After your immediate response to the storm — clearing snow and ice, making swift repairs where needed, addressing issues with fire and security protection systems — bolster your property’s long-term resilience by following up and keeping tabs on any structural weaknesses that may occur. Snow loads and ice can compromise various parts of a building, including flashing and downspouts; subsequent temperature swings, especially extreme ones, can adversely affect a building’s foundation and walkways.

Your recovery to-do list may also extend into the warmer months: Before you use your air conditioning units, ensure that snow or build-up hasn’t damaged an outdoor unit.

7. Review your response to extreme winter conditions.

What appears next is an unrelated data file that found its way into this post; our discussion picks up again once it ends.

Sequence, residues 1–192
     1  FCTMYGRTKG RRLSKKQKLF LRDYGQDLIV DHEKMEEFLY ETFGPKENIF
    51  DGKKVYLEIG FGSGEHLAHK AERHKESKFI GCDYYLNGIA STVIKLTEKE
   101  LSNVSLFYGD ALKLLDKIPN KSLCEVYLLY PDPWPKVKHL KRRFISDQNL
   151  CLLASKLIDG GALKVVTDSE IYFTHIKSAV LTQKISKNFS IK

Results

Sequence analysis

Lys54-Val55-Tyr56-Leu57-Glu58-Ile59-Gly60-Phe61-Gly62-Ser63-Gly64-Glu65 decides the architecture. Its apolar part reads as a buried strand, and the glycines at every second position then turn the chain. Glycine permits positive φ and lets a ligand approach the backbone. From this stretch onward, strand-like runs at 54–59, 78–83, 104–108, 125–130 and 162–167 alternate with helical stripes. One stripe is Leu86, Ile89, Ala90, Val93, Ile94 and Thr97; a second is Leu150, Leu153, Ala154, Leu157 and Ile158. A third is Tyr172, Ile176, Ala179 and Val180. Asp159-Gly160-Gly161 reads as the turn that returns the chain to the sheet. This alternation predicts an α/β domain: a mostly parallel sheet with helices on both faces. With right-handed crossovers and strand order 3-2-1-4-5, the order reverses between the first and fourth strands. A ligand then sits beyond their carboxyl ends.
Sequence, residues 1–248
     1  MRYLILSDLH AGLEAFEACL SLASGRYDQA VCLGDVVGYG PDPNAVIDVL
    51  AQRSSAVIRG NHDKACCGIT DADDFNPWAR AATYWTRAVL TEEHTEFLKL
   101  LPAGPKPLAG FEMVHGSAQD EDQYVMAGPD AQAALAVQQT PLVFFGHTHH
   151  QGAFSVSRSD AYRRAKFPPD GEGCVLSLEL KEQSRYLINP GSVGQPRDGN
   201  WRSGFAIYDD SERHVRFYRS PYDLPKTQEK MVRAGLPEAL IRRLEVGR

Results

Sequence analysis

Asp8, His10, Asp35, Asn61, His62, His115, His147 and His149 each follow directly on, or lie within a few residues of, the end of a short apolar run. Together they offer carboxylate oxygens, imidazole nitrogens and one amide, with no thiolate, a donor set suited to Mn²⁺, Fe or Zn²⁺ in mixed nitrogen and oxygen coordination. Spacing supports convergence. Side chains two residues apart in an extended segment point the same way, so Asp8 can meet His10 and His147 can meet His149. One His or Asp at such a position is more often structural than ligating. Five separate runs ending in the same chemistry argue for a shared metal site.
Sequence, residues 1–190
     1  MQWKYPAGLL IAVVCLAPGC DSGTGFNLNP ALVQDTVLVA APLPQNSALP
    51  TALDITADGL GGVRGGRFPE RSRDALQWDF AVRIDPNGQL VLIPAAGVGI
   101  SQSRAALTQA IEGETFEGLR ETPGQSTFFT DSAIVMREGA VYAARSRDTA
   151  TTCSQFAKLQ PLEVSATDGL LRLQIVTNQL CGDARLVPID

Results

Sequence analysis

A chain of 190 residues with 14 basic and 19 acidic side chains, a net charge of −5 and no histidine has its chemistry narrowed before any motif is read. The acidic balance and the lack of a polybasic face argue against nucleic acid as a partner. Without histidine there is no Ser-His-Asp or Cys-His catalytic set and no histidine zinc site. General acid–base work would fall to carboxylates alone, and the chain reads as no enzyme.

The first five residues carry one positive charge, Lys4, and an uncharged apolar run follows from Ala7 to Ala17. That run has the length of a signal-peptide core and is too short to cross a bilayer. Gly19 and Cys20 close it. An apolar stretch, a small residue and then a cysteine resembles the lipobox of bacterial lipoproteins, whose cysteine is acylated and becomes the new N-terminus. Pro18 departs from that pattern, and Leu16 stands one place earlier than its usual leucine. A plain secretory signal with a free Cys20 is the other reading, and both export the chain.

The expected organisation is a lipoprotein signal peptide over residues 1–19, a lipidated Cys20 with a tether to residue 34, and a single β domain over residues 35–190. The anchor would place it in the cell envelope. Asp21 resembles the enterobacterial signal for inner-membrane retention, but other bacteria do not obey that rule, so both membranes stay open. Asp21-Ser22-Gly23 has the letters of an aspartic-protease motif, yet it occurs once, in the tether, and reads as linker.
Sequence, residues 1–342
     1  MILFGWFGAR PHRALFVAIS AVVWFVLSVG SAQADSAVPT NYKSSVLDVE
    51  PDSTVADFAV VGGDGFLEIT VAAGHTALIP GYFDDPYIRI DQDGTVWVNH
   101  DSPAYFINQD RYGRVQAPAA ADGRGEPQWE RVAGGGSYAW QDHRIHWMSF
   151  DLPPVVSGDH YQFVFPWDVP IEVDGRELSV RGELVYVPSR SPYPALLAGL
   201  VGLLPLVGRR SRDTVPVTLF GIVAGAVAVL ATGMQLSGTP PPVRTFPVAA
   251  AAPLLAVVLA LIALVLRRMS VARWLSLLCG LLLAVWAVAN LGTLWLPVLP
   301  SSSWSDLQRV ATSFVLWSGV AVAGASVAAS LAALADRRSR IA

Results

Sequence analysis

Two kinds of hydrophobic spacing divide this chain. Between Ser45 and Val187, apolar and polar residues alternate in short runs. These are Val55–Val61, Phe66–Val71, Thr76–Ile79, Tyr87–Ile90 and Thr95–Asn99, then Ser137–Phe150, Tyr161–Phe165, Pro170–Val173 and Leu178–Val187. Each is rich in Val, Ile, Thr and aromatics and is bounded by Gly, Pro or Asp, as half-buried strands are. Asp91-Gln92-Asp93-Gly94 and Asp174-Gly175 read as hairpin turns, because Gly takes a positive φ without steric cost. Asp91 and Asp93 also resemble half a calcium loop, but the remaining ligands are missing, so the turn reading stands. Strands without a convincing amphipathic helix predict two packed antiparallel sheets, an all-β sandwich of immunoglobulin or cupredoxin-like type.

When your business is operating again, take some time to review your response and recovery processes. Where did you succeed and where was there room for improvement? Ask these questions in terms of your own preparation, the vendors you contracted with and any critical tasks you may have overlooked. This is particularly important for businesses in regions unaccustomed to winter’s extremes.

These recovery actions should be part of a fully developed winter Emergency Response Plan (ERP). The articles below detail the other three major components of an effective plan: mitigation, preparedness and immediate response. Taken together, they can provide your business with a path to reduced risks and faster recovery:

When a winter storm is over, risks still remain

Winter storm mitigation: How to weather the extremes of snow and cold

Winter storm preparation demands a focus on people, property and protection

The guidance in this article was provided by the Zurich Resilience Solutions (ZRS) Risk Engineering team.